(Dive Travel Business News - August 9, 2010) -- The first two months of the 2010 hurricane season only saw three named storms in the Atlantic basin, yet National Oceanic and Atmospheric Administration (NOAA) this week reiterated its early June forecast that it could still end up being one of more active hurricane season on record in the region.
NOAA's updated forecast for 2010 calls for 14 to 20 named storms in the Atlantic Ocean, Caribbean Sea and Gulf of Mexico. Of those named storms, 8 to 12 should become hurricanes, including 4 to 6 "major" hurricanes, with wind speeds above 111 mph, NOAA reports. An average Atlantic hurricane season sees 11 named storms, including six hurricanes, with two becoming major hurricanes.
Tropical storms are given a name when wind speeds reach 39 mph, and are upgraded to hurricane status when sustained winds reach 74 mph.
(Dive Travel Business News - June 7, 2010) -- Hurricane Season is in its first week and reports are in that the first Eastern Pacific Hurricane could cross over to the Gulf of Mexico. While forecasters predict there is only a 10% chance that this hurricane could hit the Oil Spill reason, the question remains - what happens when a hurricane hits the oil spill?
The National Oceanic and Atmospheric Administration (NOAA) has prepared a Hurricane & The Oil Spill FAQ to address the very real question. According to NOAA, the good news is that the high winds and seas will mix and “weather” the oil which can help accelerate the biodegradation process. Also, a hurricane passing to the east of the slick could drive the oil away from the coast. The bad news is that a hurricane passing west of the slick could drive the oil spill to the coast line. read more »
(Weather.com - Nov 10, 2009) -- The year 2009 will go into the record books as a very uneventful hurricane season, except for late season Ida. There were 9 named storms (the average is 10), but only 3 became hurricanes (the average is 6). Two of the hurricanes became major hurricanes (the average is 2); Bill reached Category 4 intensity and Fred reached Category 3 intensity, while Ida reached Category 2 intensity. The list of nine named storms and two tropical depressions is shown below. read more »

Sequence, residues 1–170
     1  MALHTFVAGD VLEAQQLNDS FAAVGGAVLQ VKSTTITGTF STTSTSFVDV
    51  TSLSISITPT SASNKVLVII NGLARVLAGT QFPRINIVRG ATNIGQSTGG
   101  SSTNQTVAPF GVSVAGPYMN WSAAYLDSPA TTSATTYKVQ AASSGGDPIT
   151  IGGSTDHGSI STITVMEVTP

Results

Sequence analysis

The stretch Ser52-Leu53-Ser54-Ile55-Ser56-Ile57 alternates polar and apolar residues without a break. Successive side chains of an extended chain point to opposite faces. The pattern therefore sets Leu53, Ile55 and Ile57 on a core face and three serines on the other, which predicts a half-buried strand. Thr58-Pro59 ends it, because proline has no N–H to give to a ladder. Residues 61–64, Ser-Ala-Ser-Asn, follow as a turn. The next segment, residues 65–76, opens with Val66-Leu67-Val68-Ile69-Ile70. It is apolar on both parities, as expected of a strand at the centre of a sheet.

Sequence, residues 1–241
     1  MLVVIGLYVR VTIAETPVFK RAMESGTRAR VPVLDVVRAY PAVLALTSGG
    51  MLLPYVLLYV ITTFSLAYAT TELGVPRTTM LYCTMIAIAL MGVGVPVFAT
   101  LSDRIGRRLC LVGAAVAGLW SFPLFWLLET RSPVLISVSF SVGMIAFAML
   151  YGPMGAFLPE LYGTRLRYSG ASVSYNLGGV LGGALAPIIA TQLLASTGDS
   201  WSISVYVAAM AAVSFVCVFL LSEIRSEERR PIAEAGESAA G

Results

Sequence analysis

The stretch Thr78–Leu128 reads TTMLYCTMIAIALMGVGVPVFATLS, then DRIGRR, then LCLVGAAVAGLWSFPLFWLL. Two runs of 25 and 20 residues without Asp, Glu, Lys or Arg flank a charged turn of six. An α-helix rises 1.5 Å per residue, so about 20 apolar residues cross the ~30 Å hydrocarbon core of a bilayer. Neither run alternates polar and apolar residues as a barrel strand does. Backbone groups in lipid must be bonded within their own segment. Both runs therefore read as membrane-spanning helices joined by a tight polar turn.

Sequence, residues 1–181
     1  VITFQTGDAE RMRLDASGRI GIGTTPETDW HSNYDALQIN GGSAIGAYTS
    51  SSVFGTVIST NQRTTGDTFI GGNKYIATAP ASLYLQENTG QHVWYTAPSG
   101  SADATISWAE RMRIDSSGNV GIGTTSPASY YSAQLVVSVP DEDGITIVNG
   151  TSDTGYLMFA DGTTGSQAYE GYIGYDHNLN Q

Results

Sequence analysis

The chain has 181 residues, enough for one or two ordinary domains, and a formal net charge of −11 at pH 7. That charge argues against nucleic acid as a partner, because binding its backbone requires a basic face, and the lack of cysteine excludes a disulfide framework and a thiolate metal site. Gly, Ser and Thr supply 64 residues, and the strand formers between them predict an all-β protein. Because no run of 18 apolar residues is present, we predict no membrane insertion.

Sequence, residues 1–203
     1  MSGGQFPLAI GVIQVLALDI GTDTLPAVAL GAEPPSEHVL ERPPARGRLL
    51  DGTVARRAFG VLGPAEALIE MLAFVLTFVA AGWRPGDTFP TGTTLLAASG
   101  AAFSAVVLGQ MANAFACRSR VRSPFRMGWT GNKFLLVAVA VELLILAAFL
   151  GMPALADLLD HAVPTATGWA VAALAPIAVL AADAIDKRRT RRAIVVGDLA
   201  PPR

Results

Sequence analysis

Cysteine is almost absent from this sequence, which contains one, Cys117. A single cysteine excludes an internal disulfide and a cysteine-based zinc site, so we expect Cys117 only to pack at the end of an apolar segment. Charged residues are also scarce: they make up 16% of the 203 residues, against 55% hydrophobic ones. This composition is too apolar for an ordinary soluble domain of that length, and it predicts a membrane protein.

(DiveTravelNewswire.com - Oct 19, 2009) - The National Hurricane Center reports that Hurricane Rick has been downgraded from a Category 5 storm last week to a Category 1 storm.
According to the Associated Press, the center of the storm is expected to make landfall at the southern end of the peninsula by late Tuesday or early Wednesday and approaching the western coast of mainland Mexico by late Wednesday. A hurricane watch is out for Santa Fe southward on the west coast and from San Evaristo, Mexico, southward on the east coast, including Cabo San Lucas.
Winds are reported to have died down to 85 mph from their peak, which was 185 mph while Rick was a Category 5 storm last week. For more information on the destination, visit www.discoverbajacalifornia.com.